Can Project Management Soft Skills Be Trained with Lasting Effects?

Can Project Management Soft Skills Be Trained with Lasting Effects?
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The Undeniable Benefits of Soft Skills

Soft skills are the collection of personal attributes and interpersonal abilities that enable project managers to achieve higher levels of motivation, conflict resolution, and employee and customer service. Project management soft skills have been touted as absolutely necessary to succeed in a diverse global economy where adapting to new situations and people is the norm. Some of the most important personal attributes identified with success in business are:

  • Optimism - viewing the glass as half full rather than half empty to motivate and inspire others to achieve
  • Common Sense - finding and following reasonable solutions
  • Responsibility - declaring that the buck stops here and knowing when and how to apologize for mistakes
  • A Sense of Humor - bringing “fun” back to the workplace while defusing tense situations and cushioning the delivery of bad news
  • Integrity - instilling trust in others to form and maintain good working relationships

Interpersonal abilities help to form lasting business relationships and include:

  • Empathy - placing yourself in the shoes of others to gain new insight to reach compromises and resolve conflict
  • Leadership - expanding beyond the safety of the managerial role to take command in fulfilling the organization’s vision and mission
  • Communication - effectively reading the cues of verbal and nonverbal messages to understand what people are actually saying
  • Courtesy - displaying good manners and making it part of the business’s culture, which is never missed by customers
  • Ability to Teach - leading to effective delegation through knowledge exchange

The Skeptic’s Response: Can Soft Skills Be Trained?

Skeptics and outright critics argue that soft skills cannot be learned in the traditional classroom setting and that training has little effect on changing a person’s natural tendencies and character. They argue that soft skills are more complex than other skills. While hard skills are technical skills that can be acquired through mostly a linear learning process, soft skills involve working with people and unpredictable situations that cannot be reduced to a series of teachable steps.

Because soft skills are personal attributes that make up one’s personality and develop during the formative years, they cannot be significantly altered later in life even with intense study. In other words, once an introvert always an introvert. Skeptics also point to the fleeting nature of such training. Even if you concede that soft skills training can penetrate a person’s core self, such training is conducted in a vacuum and people will revert to their old habits once they return to their workplaces and the real world.

The Proponent’s Reply: Can Soft Skills Be Trained?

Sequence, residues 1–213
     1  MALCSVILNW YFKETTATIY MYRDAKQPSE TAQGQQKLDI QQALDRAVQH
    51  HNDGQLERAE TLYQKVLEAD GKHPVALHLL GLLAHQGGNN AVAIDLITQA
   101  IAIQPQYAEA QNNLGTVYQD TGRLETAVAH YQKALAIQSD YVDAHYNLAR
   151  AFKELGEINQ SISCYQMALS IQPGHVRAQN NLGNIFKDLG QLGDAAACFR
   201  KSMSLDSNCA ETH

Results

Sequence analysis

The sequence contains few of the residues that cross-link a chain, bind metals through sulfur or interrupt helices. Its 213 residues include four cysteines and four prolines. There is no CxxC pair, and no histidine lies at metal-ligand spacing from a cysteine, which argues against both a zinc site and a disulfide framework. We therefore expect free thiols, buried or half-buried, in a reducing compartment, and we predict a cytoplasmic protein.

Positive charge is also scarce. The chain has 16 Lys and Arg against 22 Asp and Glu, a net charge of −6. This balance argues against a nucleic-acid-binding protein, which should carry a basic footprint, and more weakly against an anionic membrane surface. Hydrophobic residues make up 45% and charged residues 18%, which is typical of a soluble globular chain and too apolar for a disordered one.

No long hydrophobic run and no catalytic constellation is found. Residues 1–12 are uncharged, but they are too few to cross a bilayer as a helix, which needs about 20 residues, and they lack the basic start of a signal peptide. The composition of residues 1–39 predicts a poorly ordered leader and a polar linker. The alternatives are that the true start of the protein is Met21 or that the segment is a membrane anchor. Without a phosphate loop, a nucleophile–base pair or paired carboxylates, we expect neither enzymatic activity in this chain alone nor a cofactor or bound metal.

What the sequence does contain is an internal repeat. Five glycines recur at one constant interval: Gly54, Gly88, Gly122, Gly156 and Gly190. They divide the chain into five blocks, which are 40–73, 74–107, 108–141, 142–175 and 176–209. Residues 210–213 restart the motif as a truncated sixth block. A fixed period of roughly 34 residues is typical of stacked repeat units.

Proponents in favor of training reply that soft skills development is not beyond the reach of those project managers willing to hone these skills to improve their performance and the performance of their teams. They attest to the effectiveness of training because soft skills and hard skills are not fundamentally different. While hard skills are more readily acquired, soft skills can be developed with practice. In many ways soft skills learning is similarly to learning a language—while it may be more complex and take longer, adults can learn a second language with time and persistence.

Optimistic about the positive influence of training, proponents dismiss attempts to equate soft skills with personality traits. Unlike personality which describes natural tendencies, soft skills are developed through interactions and experiences and training provides another opportunity to gain exposure to new experiences. Training also provides a safe environment for project managers to explore and practice new ways to handle difficult situations, such as how to say no to a client, through role playing and networking with other seasoned managers. If a manager fails to follow-up on what he or she has learned, then like any other skill, a soft skill can become rusty or even lost.

Getting the Most Out of Training

Glass of Water Half Full

Training is a vital component of professional development and offers many long-term benefits. Because the human brain is naturally wired for learning, training offers project managers one of the best opportunities to hone their soft skills in a safe environment – remember what happens in training stays in training.

To reap the greatest rewards from training, project managers must treat their newly acquired soft skills as a new language and converse with others as often as possible. Also project managers should take cues from visual reminders, such as a glass half full on their desks, to keep what they have learned in training on the tip of their tongues.


“What is soft skills? - Definition from” CIO information, news and tips - (accessed October 15, 2010).

Image Credits:

  1. Drying Hands - Graur Razvan Ionut /
  2. Glass of Water - Derek Jensen / Wikimedia Commons (released into the public domain)